Consider this your starship: you can travel wherever your mind wills, you can take along beings and characters imagined and already created in the media - and you can take all of us with you too -- fellow travellers in space and time, we have no boundaries and are totally free... Remember - the only limitations are those of dreams and imaginations.

  • Rider to Kessel, poem by Maria Barboasa (Star Wars) (6)
  • Frozen Fate, poem by Maria Barbosa (Star Wars) (7)
  • Must Exit, story by Jean Graham (original science fictionfusion with The Twilight Zone) (8)
  • The Bushmaster, story by Susan Henderson (original science fiction fusion with Altered States) (12)
  • I Thought You Were Dead..., story by Marj Ihssen (Escape to New York) (16)
  • Everything You Always Wanted to Know, article about Stonehenge by Joy Harrison (20)
  • Advice, story by Marcia Brin (original science fiction) (30)
  • Bespin, story by Joan Shumsky (Star Wars) (33) (PG-13, fade-to-black sex scene)
  • "...Aseen Lochar...", poem by Joan Shumsky (Star Wars) (41)
  • Leia is Waiting, poem by Joan Shumsky (Star Wars) (42)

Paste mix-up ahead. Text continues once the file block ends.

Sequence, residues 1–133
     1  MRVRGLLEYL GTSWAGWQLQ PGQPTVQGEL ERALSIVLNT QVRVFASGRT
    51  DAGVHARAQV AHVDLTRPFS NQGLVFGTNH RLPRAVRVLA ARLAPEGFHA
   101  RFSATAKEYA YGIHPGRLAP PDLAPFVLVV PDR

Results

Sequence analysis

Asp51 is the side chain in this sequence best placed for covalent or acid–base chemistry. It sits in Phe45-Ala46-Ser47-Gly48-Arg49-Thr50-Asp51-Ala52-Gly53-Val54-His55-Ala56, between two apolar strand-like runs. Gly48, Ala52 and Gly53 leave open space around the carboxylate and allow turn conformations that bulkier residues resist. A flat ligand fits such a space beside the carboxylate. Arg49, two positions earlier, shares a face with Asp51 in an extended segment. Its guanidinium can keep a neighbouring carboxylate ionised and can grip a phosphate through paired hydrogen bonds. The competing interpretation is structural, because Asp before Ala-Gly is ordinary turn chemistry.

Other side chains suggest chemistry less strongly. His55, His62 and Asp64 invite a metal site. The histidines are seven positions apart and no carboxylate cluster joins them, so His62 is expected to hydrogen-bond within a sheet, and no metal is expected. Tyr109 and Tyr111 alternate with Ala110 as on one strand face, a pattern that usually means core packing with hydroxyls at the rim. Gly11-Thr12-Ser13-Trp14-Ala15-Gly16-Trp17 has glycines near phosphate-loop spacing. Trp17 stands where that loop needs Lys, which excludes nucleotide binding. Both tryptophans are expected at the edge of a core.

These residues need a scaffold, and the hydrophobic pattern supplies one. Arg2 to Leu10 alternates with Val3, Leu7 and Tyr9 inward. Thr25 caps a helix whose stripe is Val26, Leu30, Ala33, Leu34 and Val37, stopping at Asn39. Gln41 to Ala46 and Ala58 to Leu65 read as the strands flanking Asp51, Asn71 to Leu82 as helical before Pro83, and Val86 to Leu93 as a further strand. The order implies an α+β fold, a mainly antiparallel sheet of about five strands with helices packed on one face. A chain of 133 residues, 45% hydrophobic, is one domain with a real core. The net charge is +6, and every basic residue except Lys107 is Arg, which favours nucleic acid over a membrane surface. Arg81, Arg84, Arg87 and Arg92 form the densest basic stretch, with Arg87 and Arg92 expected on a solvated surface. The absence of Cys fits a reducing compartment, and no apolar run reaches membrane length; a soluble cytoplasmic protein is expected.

Issue 2

Outlands 2 was published in fall 1982 and contains 44 pages.

cover of issue #2
sample page from issue #2

From the editorial:

[The entries for issue #2] are seasonal in many ways.

While trying to sort out the order the poetry and stories would take in this second volume of our anthology, I was immediately struck by the fact that each had the flavour of a season about it, either in feelings or emotions, in the topic, or the actual time of year. It was especially gratifying for me to be able to present the enclosed delights from some extremely gifted people as a complete cycle of seasons: spring giving way to summer, summer languishing into autumn, autumn dying into winter, winter giving birth to spring. A sense of completion, of whole-ness--wonderful! To echo what I said when prologuing the first edition of OUTLANDS, I've been very fortunate—the Lords of Kobol are watching out for this mortal, that's for sure.